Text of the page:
So instead I decided to give you all some eye candy.  I finally uploaded the photos I took of the altar I put together for Jesus’ baptism a few weeks ago.  We were in between florists, so I had a rare flowerless Sunday and, I’m not going to lie, I loved it.

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Jon always says not to mirror and to use uneven numbers of candles, which goes against everything our flower committee was taught by the matriarchs of the church, but it totally works here.

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I really love the way the background of the white fabric works against the dark grains of the wood in our sanctuary. Unfortunately, this white fabric has seen better days! It has a lot of stains on it at this point.

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The stones were decorative, but they were also functional. They were holding up the vase so it was tipping just enough to be “pouring” the water.  I’ll be honest – I was shocked it held up.

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The only slight issue was the fact that the deacons were nervous about the acolytes lighting these candles, so they decided to light them before worship instead of having an acolyte bring the light in during the prelude. Our kids serve as acolytes, so I did see their point – I just need to keep that in mind next time.

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I love that the lectionary starts the new year with Jesus’ baptism for so many reasons, but from a visual perspective, I love the stark contrast between the way the church is decorated for Advent and Christmas and this. it’s a great visual reminder that it’s time for a new year, fresh start and something different.

I have to look at the lectionary, but I’m not sure I’ll do another altar until Ash Wednesday.  Any ideas??

Pentecost Altar 2016

So I always say that worship, programs, events, etc. at the church must be meaningful, relevant and accessible.  They are my go-to standards in ministry, ones I also try to hold myself to on this blog as well.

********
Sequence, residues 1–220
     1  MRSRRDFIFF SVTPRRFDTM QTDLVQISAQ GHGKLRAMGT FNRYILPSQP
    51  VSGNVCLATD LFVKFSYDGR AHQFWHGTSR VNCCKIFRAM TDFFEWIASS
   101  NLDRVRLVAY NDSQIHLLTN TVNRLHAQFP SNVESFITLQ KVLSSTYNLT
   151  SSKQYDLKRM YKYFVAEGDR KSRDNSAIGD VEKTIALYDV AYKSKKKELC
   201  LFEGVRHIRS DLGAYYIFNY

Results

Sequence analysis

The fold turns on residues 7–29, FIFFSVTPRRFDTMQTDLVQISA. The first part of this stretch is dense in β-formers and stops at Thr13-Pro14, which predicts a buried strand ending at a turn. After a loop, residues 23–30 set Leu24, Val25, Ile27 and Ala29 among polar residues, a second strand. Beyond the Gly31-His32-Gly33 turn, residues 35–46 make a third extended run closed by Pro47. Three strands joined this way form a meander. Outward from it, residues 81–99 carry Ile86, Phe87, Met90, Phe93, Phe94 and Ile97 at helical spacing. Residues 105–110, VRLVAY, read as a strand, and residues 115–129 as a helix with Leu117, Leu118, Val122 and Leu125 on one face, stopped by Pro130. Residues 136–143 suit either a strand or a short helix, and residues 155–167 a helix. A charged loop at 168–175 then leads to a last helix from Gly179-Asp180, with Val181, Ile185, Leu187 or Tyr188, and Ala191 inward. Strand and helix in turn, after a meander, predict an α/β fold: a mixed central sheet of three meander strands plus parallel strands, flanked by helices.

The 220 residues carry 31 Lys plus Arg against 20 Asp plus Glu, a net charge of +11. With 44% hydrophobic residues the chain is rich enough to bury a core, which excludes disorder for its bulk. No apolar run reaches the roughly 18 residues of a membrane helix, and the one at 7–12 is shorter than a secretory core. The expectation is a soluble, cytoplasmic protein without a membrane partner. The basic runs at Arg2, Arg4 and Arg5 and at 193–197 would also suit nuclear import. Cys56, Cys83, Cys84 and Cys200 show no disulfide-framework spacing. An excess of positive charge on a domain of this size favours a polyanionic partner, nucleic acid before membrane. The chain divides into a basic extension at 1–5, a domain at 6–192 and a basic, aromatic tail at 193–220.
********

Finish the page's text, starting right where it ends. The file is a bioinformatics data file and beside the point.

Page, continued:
So do you know what is NOT relevant right now?  Pentecost.

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And yet, I was going through my photos from Europe and realized that I took these photos of our huge Pentecost installation back in May and I never posted them on here!  So here we go – my apologies that this is not at all relevant.  Pin now, look in 2017!

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Back in May, I was planning Pentecost (which coincided with Confirmation Sunday).  I was in the mood for something different, so I sent one of our deacons this text early in the week:

So I have a rare flower-less Sunday this week because our florist is away.  Any Pentecost ideas?  I’m thinking go big or go home.

She responded in less than a minute with a string of fabulous ideas …

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… and this is what we came up with!

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I would say I had about half the fabric on hand so I did have to buy some.  I love that stretchy polyester blend fabric that doesn’t wrinkle and just flows and I had them cut about 4-6 yards of each.  I wanted red to be the primary color, but since red can be a little bit harsh (especially when the shades clash) I also grabbed an orange and yellow so we could create the full “fire” effect.

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I actually crawled up into the organ pipes to secure the fabric but this installation was actually pretty quick and easy.  It was definitely a two-person job and it was so fun to work with someone!  Honestly, a lot of times I put these altars together by myself, but I’ve realized a couple of times over the past few months that asking someone to help not only helps with the physical workload something, but spiritually, it is such an amazing shared practice.  Probably exactly what the Body of Chris is supposed to look like?

Okay, well since I’m so on top of things lately, stay tuned for a couple of weeks when I start sharing my thoughts on Easter liturgy – ha!